Nigeria: Lagos Monarch Decries Impact of Heavy Taxation On SMEs

10 January 2020

The Oba Alara-elect of Ilara Kingdom in Epe, Lagos State, and former Chairman of Lagos Inland Revenue Services (LIRS), Prince Olufolarin Ogunsanwo, has linked the high mortality rate of startup businesses in the Small and Medium Enterprises (SMEs) in the Nigerian economy to heavy tax burden.

Ogunsanwo made the remark thursday in Ikeja, Lagos State, while presenting a keynote address at symposium with the theme: 'The Tax Debate: for Young Businesses to Grow, Established Businesses to Survive', which was organised by the January 9 Collective (J9C), stating categorically that "in the case of SMEs, tax must be imposed in such a way that puts their income and need for survival into consideration."

He said: "According to the Small and Medium Scale Enterprises Development Agency (SMEDAN), 80 percent of the SMEs die before their fifth anniversary. Among the factors responsible for these untimely close-ups are tax-related issues ranging from multiple taxations to enormous tax burdens among other issues."

The Oba-elect further stated that many government policies viewed the SMEs in the same light as the large corporations, thereby leading to significant regulatory compliance costs that are in most case duplicated.

The former LIRS boss recalled that one of the objectives of the new National Tax Policy (NTP) is to reduce the tax burden on the SMEs, however, taxes still appeared to be a major constraint to the development of these SMEs in Nigeria.

"For instance, businesses that make profit are usually subjected to multiple taxations in their first three years of commencement due to the rules for taxation of new businesses, thereby increasing the risk of failure of SMEs within the first few years of business.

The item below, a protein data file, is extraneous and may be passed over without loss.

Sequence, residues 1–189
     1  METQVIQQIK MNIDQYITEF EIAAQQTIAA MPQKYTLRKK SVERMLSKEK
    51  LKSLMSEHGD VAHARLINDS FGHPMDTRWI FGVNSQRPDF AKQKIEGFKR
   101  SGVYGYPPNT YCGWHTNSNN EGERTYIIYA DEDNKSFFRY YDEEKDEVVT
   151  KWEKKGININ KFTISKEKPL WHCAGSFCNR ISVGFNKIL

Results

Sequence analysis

"Also, exemptions of companies with at least 25 percent of its paid-up capital as imported equity from minimum tax is discriminatory to Nigerian owned businesses.

"More notably, it discourages investment and increases the risk of failure for companies in periods of little or no profitability in the case of SMEs. In the same vein, a good number of the SMEs are not able to adequately benefit from tax incentives due to the small size of their operations."

Ogunsanwo noted that these challenges raised some important questions about the policy direction vis-à-vis the reality of the SMEs in Nigeria. These questions, according to him, are: "Does the tax policy encourage investment by SMEs; how well can the current tax policy encourage successful transition from informal to formal sector and are basic public services such as healthcare, security infrastructure, among others, provided to these SMEs and their employees despite the taxes collected from them?"

He added that these questions would be answered adequately by recognising that "there is need for special and preferential tax regimes for the SMEs in view of the difficulties in raising finance, inherent disadvantaged tax system and high cost of tax and regulatory compliance.

"Tax policies should be designed in such a way that they do not only directly affect SMEs but also indirectly pushes them to grow. For instance, provisions of finance to SMEs may be encouraged by granting exemptions from business tax for financial institutions that provide guarantee for loans to SMEs," the Oba-elect said.

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